A noble apologist is driven by an active love of God that seeks deeper knowledge of God. St. Anselm’s faith seeking understanding. If you are Christian blogger who wishes to effectively communicate your worldview in a language, beliefs, values, symbols, traditions and practices that are already familiar to atheists, then reading atheists’ blogs could be the key to help you understand their diverse atheistic worldviews.
As a Christian who love to learn, think and share the reasons for what I believe and why I believe it to be true, reading opposite worldviews and see how they challenge my Christian worldview is an important part of correcting, reforming, changing or abandoning some weak or false perspectives that I hold. It also helps me communicate my Christian worldview to others in a way I can be understood.
Here are 10 points that will help you to enjoy and respectfully engage with atheist bloggers.
How To Read Atheist’s Blogs: Modified Adler & Doren’s Method
- Find what the article is about. Find the major subject matter. Define the problem(s) the blogger is trying to solve or setting and try to correctly outline the whole article.
- Come to terms with the blogger by interpreting his key words, grasping leading propositions in his most important sentences.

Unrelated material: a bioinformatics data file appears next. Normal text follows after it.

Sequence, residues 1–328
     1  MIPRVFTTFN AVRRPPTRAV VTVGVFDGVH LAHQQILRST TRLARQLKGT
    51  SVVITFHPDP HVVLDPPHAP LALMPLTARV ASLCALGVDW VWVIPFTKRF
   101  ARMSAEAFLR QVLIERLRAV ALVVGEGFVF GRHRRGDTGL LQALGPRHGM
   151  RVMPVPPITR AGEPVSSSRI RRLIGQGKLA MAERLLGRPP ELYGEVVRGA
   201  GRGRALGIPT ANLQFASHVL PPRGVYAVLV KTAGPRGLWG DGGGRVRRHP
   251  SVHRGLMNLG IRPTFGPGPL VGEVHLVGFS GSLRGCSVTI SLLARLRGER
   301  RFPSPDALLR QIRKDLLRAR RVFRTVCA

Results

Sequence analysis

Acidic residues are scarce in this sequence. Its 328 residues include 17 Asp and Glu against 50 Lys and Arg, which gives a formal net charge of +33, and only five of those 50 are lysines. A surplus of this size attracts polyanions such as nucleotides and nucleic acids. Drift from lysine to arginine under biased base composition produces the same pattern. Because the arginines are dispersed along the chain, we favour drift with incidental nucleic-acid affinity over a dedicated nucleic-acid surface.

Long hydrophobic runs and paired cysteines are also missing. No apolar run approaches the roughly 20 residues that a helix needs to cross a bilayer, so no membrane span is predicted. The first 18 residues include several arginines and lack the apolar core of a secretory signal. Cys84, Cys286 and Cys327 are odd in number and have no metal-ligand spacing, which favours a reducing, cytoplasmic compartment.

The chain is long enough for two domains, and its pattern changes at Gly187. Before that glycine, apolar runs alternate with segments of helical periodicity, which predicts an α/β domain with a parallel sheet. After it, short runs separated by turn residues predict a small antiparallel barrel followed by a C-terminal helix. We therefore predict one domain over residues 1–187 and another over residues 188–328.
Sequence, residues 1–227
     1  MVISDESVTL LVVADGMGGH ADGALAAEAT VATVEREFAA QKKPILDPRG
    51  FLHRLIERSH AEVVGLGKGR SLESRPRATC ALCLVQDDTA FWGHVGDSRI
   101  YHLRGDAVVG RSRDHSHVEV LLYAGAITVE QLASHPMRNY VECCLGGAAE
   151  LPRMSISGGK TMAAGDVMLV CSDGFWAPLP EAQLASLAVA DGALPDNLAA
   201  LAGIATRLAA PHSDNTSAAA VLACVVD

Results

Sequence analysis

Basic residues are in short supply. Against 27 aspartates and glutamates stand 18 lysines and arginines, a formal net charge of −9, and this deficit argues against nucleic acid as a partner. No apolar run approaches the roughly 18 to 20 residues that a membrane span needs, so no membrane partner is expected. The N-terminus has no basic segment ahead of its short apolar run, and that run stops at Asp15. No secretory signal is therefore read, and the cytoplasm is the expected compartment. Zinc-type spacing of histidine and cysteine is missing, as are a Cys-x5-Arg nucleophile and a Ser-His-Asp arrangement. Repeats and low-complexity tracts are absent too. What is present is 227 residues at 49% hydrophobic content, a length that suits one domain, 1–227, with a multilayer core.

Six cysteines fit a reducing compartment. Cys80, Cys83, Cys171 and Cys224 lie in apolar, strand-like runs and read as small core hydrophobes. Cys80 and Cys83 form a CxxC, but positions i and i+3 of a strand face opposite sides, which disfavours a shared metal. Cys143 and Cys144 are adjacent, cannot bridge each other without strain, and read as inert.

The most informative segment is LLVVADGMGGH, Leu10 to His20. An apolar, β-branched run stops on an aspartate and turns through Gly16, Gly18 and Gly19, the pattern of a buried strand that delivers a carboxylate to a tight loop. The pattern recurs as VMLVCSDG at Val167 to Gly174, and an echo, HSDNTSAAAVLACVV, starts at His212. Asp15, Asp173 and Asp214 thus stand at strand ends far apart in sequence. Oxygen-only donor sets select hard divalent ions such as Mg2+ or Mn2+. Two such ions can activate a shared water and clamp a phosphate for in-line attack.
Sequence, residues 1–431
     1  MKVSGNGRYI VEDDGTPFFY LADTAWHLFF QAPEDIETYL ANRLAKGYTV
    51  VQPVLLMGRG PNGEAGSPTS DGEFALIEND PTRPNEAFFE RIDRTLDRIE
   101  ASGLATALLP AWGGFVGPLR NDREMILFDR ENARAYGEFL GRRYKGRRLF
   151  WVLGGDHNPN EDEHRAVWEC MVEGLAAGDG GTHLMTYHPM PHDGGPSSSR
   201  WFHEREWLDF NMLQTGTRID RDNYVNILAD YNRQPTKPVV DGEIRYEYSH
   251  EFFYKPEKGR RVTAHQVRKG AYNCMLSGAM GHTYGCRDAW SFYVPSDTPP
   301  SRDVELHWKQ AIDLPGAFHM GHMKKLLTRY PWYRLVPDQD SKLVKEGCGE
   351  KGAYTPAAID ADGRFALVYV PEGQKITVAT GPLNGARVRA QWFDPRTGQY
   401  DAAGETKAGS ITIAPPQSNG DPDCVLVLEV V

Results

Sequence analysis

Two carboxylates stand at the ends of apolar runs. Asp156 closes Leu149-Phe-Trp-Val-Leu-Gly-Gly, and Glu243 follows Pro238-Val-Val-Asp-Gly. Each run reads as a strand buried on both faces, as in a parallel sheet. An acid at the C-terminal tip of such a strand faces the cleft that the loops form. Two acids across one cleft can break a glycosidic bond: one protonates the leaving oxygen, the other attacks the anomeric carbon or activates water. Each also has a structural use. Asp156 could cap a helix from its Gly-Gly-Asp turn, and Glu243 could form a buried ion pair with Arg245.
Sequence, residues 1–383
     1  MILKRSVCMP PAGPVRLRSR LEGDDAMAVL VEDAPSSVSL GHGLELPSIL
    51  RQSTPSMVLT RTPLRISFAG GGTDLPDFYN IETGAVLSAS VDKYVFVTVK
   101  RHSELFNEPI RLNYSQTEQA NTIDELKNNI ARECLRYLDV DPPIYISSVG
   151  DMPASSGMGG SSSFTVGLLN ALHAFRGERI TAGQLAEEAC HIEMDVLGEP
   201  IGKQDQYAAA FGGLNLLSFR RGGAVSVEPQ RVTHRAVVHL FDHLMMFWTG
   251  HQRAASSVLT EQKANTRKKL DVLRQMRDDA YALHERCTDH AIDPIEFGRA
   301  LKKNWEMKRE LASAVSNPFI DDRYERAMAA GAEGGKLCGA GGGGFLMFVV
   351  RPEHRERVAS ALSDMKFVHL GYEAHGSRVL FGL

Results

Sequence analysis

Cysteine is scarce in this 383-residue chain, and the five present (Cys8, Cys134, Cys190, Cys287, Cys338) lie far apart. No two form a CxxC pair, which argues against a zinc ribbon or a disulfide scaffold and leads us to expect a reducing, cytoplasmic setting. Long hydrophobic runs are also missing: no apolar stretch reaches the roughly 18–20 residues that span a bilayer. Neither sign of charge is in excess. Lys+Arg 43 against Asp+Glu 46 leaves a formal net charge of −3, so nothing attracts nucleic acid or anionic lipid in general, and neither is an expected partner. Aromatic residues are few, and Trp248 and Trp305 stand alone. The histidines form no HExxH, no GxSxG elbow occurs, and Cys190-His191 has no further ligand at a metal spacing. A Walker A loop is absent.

- Know the blogger’s arguments by finding them in, or constructing them out of, sequences of sentences.
- Do not begin criticism until you have completed rereading the article, correctly interpreting the blogger’s words, understand and outline his argument. “Do not say you agree, disagree, or suspend judgment, until you can say “I understand.”- Mortimer J. Adler
- Do not disagree disputatiously or contentiously.
- Demonstrate that you recognize the difference between knowledge and mere personal opinion by presenting good reasons for any critical judgment you make.
- When criticizing, try to use as few, clear and kind words to show wherein the blogger is uninformed, misinformed, illogical or incomplete.
- Avoid disagreeing on minor details.
- “Pick your battles”. Do not comment on the topic you are not familiar with. Study, ponder, and come back when you are familiar with the topic at hand.
- Be quick to point out your own errors. Quick to admit you were wrong, and quick to correct your mistakes.
Remember, a noble apologist seeks proofs of certain doctrine of her faith not for the sake of attaining to faith by means of reason, as Anslem of Canterbury once said, but that she may be delighted by understanding and meditating on those things which she believes and always ready to convince any one who demands of her a reason of that hope which is in her.
Go be a noble apologist who walks in wisdom toward outsiders, makes the best use of the time. May your speech always be gracious, seasoned with salt, so that you may know how you ought to answer each person. (Col. 4:5-6)
Recommended Reading: How to Read a Book: The Classic Guide to Intelligent Reading by Mortimer J. Adler and Charles Lincoln Van Doren